A story about an AI drone turning on its supervisor recently made the rounds.
The tale stemmed from a report by the Royal Aeronautical Society and begins with a U.S. Air Force presentation at the Future Combat Air & Space Capabilities Summit. During the presentation, Air Force Chief of AI Test and Operations Col. Tucker Hamilton, told of a simulated test that featured an AI-enabled drone and a human operator.
According to Hamilton, the drone was designed to identify and destroy surface-to-air missile (SAM) sites. The drone, however, needed to receive a final go/no from the human before it attacked the SAM threat.
Hamilton said the human operator sometimes would not permit it to kill the threat. Hamilton then said, “[The drone] got its points by killing that threat. So what did it do? It killed the operator because that person was keeping it from accomplishing its objective.”
Hamilton even said when the drone was later trained not to kill the operator, it began destroying the communication tower the operator used to communicate with the drone.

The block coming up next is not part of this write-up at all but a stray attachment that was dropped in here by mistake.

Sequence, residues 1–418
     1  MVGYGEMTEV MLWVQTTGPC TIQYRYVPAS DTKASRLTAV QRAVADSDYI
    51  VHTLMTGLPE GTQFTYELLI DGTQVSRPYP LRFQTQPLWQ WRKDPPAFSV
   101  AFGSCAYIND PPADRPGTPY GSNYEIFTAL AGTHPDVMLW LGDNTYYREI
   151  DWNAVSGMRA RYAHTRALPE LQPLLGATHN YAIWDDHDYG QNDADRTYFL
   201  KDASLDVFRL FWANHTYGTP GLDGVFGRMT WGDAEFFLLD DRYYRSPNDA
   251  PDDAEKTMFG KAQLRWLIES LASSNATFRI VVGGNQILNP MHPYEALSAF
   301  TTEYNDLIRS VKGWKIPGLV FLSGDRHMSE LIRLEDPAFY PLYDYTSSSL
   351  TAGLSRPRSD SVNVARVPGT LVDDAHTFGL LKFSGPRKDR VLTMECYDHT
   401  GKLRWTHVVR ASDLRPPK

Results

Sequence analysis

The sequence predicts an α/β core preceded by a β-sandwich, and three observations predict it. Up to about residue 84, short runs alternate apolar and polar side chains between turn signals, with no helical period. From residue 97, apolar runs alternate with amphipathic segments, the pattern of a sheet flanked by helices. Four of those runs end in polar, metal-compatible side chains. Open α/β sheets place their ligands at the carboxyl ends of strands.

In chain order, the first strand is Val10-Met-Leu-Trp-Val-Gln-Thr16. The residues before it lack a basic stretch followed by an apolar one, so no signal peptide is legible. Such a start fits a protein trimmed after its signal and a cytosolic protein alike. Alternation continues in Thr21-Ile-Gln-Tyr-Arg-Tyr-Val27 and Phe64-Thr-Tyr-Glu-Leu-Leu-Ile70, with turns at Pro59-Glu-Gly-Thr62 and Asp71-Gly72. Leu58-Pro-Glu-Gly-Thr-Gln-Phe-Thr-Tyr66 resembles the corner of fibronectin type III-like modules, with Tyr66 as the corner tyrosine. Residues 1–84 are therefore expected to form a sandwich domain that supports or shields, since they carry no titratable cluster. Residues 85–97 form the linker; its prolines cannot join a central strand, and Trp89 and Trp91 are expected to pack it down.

Naturally, this news spooked a world already on edge with the rapid development of AI. But everyone can seemingly rest easy because that same report by the Royal Aeronautical Society later issued an update that said Hamilton admitted he “misspoke” during his summit presentation.
The killer drone was apparently a hypothetical “thought experiment” from outside the military, and Hamilton said the Air Force never ran that experiment. He added that the Air Force has not tested any weaponized AI in this manner, real or simulated.
Business Insider also reported a statement from Air Force spokesperson Ann Stefanek that read, “It appears the colonel’s comments were taken out of context and were meant to be anecdotal.”
So while the rogue drone simulation reportedly never occurred, is something like this possible? It’s at least on Hamilton’s mind. He said in his clarification that the Air Force would not need to run [the experiment] to realize it is a plausible outcome.